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One hundred years of volcano monitoring in Hawaii

EOS, Transactions of the American Geophysical Union

By:
and
DOI: 10.1029/2012EO030001

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Abstract

In 2012 the Hawaiian Volcano Observatory (HVO), the oldest of five volcano observatories in the United States, is commemorating the 100th anniversary of its founding. HVO's location, on the rim of Kilauea volcano (Figure 1)—one of the most active volcanoes on Earth—has provided an unprecedented opportunity over the past century to study processes associated with active volcanism and develop methods for hazards assessment and mitigation. The scientifically and societally important results that have come from 100 years of HVO's existence are the realization of one man's vision of the best way to protect humanity from natural disasters. That vision was a response to an unusually destructive decade that began the twentieth century, a decade that saw almost 200,000 people killed by the effects of earthquakes and volcanic eruptions.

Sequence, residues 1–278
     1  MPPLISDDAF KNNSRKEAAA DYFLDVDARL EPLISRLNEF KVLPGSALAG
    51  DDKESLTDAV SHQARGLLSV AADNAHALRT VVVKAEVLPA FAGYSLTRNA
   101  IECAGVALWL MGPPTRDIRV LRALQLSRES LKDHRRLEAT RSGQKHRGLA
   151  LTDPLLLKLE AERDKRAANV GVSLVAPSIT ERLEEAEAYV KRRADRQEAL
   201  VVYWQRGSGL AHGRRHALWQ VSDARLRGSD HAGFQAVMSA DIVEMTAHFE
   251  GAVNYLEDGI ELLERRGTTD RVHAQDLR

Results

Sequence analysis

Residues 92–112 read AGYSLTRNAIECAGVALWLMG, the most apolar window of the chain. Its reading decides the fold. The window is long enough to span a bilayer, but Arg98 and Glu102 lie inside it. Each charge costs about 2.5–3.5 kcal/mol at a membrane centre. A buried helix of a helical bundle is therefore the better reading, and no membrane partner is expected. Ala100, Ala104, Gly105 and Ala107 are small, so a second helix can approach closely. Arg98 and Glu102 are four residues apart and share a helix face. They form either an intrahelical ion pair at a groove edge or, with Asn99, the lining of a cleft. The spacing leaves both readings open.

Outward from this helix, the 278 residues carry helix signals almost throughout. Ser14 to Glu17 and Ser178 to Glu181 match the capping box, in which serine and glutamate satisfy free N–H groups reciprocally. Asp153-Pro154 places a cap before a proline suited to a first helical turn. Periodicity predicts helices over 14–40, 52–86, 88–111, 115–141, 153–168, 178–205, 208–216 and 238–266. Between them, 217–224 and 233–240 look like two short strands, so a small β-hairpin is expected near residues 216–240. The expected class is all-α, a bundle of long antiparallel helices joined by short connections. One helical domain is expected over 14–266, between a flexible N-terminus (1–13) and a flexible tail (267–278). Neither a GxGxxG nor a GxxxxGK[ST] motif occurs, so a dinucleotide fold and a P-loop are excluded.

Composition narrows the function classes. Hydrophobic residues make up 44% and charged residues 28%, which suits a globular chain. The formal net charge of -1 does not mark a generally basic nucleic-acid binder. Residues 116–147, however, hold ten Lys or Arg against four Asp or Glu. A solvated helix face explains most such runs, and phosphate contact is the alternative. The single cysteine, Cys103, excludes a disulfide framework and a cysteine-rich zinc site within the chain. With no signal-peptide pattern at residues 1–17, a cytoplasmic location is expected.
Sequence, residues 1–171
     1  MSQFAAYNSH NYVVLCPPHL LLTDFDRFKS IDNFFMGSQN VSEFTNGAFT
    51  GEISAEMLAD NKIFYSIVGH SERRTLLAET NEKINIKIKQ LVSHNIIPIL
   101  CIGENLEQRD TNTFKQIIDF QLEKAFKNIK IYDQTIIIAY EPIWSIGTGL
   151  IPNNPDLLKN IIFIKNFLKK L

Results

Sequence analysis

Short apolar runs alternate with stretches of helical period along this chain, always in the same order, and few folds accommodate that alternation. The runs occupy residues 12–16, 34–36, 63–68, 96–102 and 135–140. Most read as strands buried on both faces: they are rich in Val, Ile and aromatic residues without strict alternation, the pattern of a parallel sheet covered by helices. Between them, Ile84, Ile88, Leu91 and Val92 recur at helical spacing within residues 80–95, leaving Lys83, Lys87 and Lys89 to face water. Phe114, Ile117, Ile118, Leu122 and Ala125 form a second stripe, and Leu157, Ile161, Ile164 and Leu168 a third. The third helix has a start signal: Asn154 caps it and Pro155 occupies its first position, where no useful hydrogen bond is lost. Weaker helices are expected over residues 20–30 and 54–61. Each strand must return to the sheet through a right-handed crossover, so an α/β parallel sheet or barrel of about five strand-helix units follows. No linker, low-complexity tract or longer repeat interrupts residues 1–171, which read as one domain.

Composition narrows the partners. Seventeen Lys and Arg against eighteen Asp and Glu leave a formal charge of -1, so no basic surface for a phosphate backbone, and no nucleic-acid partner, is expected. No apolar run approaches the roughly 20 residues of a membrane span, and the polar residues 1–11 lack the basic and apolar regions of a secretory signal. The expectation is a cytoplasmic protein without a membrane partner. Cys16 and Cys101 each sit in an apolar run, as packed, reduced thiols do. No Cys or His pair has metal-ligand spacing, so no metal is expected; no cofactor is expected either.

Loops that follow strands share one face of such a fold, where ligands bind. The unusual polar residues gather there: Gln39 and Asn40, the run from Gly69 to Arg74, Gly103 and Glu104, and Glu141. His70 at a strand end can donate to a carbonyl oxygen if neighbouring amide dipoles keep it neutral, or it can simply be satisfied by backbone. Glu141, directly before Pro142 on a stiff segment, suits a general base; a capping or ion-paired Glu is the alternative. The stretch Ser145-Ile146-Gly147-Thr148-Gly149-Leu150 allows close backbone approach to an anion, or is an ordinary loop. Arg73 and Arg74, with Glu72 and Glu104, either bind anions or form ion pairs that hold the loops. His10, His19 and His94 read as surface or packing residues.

Additional Publication Details

Publication type:
Article
Publication Subtype:
Journal Article
Title:
One hundred years of volcano monitoring in Hawaii
Series title:
EOS, Transactions of the American Geophysical Union
DOI:
10.1029/2012EO030001
Volume
93
Issue:
3
Year Published:
2012
Language:
English
Publisher:
American Geophysical Union
Publisher location:
Washington, D.C.
Contributing office(s):
Volcano Science Center
Description:
2 p.
Larger Work Type:
Article
Larger Work Subtype:
Journal Article
Larger Work Title:
EOS, Transactions of the American Geophysical Union
First page:
29
Last page:
30
Number of Pages:
2
Country:
United States
State:
Hawai'i